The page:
Performing a Linux server security audit can be a time consuming process. In this article the most important parts are explained including automation.


Auditing a system can be a time-consuming job, which is no different when conducting a Linux server security audit. Within this article, we give some highlights regarding the audit and tips to automate them by using Lynis. The business goal Before auditing any system, determine the business goal of the system. How critical is this system for doing business? What if the system goes down? Usually each system has a clear role or multiple roles, like being a web server.

Open source vulnerability scanner for Linux systems – Lynis

Within this article we discuss the possibilities of using an open source vulnerability scanner for Linux based systems.


There are several open source vulnerability scanners for Linux, like OpenVAS. While tools like these are powerful as well, we will have a look at Lynis, our auditing tool to detect vulnerabilities of Linux and Unix systems. Why is it different than others and how can it help you in securing your systems? Vulnerabilities Every piece of software will have sooner or later a vulnerability, a minor or major weakness which can be abused by evildoers.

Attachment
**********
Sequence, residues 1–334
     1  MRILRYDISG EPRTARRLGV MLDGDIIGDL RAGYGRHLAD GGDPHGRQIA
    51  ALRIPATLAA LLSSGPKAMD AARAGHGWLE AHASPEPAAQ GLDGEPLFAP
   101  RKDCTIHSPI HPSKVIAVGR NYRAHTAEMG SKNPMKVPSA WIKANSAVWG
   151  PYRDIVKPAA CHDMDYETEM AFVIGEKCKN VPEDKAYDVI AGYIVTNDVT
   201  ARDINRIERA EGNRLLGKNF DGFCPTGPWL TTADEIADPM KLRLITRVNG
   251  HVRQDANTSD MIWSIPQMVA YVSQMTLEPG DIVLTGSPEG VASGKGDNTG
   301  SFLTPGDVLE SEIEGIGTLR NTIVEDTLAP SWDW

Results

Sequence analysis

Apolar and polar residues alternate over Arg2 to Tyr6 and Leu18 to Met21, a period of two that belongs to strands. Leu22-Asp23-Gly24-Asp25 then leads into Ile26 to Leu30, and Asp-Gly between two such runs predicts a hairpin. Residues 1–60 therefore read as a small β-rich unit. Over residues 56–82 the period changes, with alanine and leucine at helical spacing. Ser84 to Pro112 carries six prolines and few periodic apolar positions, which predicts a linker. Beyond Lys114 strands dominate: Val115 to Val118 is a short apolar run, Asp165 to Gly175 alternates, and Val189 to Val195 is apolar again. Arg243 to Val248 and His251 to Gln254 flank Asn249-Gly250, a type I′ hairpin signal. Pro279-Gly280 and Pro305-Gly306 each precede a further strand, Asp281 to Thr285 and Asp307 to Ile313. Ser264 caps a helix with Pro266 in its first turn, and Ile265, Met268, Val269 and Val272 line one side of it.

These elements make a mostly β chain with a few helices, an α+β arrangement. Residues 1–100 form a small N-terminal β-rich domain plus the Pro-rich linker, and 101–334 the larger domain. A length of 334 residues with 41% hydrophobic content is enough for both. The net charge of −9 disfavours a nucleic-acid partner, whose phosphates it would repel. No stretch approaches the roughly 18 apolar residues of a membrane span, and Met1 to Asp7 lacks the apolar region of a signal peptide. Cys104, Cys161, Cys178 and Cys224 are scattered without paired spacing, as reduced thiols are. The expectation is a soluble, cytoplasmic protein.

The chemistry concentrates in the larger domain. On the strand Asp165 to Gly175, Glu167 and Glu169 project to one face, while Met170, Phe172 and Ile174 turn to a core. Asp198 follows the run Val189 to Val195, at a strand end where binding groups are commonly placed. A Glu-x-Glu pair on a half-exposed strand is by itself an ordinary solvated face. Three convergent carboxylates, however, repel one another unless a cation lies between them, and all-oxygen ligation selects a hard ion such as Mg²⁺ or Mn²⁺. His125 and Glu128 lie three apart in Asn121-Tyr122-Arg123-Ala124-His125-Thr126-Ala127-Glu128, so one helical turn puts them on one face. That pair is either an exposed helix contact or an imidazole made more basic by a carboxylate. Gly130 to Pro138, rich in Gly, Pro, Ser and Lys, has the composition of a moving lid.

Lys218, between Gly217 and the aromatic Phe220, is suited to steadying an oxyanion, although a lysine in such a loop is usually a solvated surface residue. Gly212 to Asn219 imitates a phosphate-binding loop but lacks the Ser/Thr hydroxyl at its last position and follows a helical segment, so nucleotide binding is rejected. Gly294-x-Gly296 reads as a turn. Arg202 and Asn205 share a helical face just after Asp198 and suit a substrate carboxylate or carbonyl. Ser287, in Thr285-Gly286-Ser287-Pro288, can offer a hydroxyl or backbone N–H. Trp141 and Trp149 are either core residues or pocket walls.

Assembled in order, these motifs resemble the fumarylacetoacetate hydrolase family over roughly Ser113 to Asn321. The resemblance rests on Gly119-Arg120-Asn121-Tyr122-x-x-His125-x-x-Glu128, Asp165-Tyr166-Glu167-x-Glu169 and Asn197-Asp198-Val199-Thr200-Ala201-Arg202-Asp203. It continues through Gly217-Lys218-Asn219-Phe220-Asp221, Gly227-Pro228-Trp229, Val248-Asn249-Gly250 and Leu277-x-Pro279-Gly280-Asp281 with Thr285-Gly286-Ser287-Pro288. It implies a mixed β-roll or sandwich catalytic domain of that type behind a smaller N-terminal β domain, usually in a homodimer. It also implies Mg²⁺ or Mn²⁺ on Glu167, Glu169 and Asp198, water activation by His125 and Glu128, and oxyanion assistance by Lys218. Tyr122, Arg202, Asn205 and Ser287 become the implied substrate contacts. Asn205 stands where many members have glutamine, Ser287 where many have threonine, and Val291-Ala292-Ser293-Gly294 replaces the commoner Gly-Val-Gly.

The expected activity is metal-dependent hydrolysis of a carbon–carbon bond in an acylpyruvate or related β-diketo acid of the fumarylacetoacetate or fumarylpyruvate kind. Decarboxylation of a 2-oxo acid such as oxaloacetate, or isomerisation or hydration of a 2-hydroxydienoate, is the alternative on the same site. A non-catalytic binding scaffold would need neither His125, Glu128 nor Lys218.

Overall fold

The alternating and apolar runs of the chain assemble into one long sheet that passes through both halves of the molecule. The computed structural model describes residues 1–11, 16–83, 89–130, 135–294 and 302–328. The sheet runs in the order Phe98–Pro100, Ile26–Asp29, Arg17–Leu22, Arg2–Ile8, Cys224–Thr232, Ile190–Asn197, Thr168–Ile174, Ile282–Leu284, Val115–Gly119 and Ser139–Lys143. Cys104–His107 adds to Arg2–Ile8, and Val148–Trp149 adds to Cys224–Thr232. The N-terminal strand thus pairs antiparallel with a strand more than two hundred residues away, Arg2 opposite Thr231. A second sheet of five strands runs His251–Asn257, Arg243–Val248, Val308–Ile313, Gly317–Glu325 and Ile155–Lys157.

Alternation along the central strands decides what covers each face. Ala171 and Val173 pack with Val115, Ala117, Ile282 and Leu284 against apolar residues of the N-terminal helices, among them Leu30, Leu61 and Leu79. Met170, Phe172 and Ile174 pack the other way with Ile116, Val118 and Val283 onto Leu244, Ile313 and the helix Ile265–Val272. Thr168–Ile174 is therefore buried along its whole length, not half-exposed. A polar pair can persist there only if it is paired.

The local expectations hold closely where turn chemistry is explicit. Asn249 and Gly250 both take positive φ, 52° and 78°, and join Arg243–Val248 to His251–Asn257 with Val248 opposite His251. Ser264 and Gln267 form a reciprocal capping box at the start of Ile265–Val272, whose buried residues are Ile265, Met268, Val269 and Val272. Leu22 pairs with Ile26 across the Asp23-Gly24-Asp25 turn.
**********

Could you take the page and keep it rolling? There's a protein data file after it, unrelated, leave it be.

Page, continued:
CAATTs for Linux: Lynis

Article about a tool within CAATTs for Linux: Lynis. Helping auditors with computer-assisted audit tools and techniques, with focus on Linux and Unix scans.


Within the field of the audit profession the usage of CAAT (Computer-assisted audit techniques) or CAATTs (computer-assisted audit tools and techniques) is growing. Lynis is filling this gap for Linux and Unix based systems. It’s a well-known and stable tool in this area and improves the audit process by automation. Only a few items could then be checked manually. This saves time, makes the audit more predictable and increases the quality of the overall audit.

Antivirus for Linux: is it really needed?

Is antivirus needed on Linux systems? The answer: it depends. We will look at the risks, the types of malware, and the related security measures to take.


The question regarding the need for antivirus for Linux is after years still relevant. It is asked at forums and shows up regularly at Quora. As the original author of rkhunter, a malware scanner for Linux and Unix systems, I analyzed many malicious software components. You might be wondering that if there is malware, there is also a need for a scanner, right? It is actually not that easy to answer.